The Plastic Limit and Liquid the Limit values are percentages. The difference between the values is called the 'Plasticity Index'. It is a measure of how much water the clay can hold whilst in a 'plastic' state. It follows from this, that the bigger the Plasticity Index, the more water a clay can hold in this state, and the more it will have to swell in order to do so. Consequently, the amount by which a clay can swell (or shrink) is proportional to the plasticity index. This is borne out by tests and experience in the field. For everyday use, the concept of 'Shrinkage Potential' has been developed, with categories related to the plasticity index thus:-
Plasticity Index % Shrinkage Potential
0 to 20 low
20 to 40 medium
40 to 60 high
over 60 very high
During a normal summer, on an open site, clay may dry out to depths of about 1 – 1.5 m. Modern properties would have foundations to about this depth and problems to do not normally occur. Older properties may have shallower foundations and slight (seasonal) movements may occur, but not usually enough to cause serious damage.

Serious problems begin to occur if the foundations are not deep enough, if the summer is long and dry and/or if there are significant trees nearby. The roots of such trees may extend into the soils beneath the foundations and suck the moisture out, causing subsidence. With clay soils of high shrinkage potential and large trees nearby, the ground can be affected up to 6m or more deep.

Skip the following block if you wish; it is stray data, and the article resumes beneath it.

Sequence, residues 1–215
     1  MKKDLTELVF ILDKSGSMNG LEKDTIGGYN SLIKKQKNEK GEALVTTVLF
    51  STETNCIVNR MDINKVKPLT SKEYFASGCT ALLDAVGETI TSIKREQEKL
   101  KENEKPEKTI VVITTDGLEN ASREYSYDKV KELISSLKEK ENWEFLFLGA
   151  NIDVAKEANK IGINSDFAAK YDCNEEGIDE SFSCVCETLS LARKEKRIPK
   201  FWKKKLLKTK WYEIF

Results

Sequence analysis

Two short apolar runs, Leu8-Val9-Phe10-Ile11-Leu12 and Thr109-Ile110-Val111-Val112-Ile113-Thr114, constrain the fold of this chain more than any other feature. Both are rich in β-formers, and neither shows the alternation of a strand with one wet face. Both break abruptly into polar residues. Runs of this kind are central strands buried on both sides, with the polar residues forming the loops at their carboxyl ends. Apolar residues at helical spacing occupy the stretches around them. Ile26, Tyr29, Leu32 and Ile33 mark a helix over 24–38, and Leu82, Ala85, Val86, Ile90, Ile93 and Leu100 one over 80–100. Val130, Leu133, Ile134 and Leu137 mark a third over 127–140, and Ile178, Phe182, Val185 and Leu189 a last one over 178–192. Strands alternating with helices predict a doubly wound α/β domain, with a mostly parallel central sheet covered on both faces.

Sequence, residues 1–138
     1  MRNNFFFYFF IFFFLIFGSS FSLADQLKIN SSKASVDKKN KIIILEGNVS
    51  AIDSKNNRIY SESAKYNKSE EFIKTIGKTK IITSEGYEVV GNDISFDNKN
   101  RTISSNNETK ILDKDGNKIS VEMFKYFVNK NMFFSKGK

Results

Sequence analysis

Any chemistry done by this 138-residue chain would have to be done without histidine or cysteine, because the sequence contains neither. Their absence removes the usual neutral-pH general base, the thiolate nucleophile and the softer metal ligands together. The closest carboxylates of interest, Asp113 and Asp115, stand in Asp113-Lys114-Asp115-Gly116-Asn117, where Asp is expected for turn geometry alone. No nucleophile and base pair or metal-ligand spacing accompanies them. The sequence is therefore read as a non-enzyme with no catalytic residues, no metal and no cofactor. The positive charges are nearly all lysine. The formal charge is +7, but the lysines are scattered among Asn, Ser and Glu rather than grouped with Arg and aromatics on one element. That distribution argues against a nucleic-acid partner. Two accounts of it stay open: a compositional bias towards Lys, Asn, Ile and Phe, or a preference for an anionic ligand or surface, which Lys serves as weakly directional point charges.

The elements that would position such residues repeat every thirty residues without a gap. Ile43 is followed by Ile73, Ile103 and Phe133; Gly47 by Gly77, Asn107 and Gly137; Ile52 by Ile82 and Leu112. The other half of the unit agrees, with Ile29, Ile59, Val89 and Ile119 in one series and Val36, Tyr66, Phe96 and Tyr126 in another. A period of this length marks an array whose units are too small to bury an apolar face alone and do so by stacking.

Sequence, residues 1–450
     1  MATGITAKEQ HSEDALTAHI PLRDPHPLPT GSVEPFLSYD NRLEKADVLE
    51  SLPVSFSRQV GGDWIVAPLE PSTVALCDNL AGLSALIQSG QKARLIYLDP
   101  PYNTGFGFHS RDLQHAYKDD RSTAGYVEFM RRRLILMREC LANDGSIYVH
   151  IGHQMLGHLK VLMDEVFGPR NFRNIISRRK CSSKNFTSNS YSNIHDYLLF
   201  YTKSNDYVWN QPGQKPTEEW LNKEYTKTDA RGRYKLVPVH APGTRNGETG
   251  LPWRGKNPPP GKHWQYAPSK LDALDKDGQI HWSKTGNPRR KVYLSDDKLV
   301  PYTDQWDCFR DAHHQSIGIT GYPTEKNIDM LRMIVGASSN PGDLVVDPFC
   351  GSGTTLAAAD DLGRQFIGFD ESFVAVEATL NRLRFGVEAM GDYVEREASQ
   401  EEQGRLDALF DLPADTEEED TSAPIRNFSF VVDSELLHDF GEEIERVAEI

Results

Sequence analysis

In modern construction the foundation depths in clays are determined from tables in the NHBC standards. The factors affecting the depth are the shrinkage potential of the soil, the type and mature height of any nearby trees, their distance from the property, and the geographical location of the property - generally as you move west and north from the south east of England, the climate is wetter and the required foundation depths are less.
How does one go about inspecting a building for subsidence, or other structural movement, and assessing the cause? Start by asking the homeowner about the property :-

  • How long have they lived there?
  • When was it built? Has it been altered?
  • Have there been any previous structural problems?
  • Have neighbouring properties had any structural problems?
  • When did the cracking (or whatever) first appear?
  • Has it got any worse?

Sometimes it may be fairly obvious what's happening – eg. an extension has pulled away from the main building, it's the end of a dry summer, there is a big tree nearby, and you know there are clay soils. In such a case you can be 99% certain about what is happening.
However, it is not always so straight forward so you need to be methodical. Start by inspecting all the external elevations in turn and the surrounding areas :-

  • Is there roof spread or other roof problems?
  • Are horizontal lines level are true level?
  • Are vertical lines are true and plumb?
  • Do the faces of the elevations bow out or show any distortion?
  • Are door and window openings distorted?
  • Are there any cracks to the walls, or gaps between window frames and reveals?
  • Is the ground level or sloping?
  • In what condition is any paving or garden walls?
  • Are there any trees or large bushes nearby?
  • Are there any drains nearby?
  • Are there any recent building works nearby?
  • What type of soil is it likely to be?
  • What is the condition of neighbouring properties?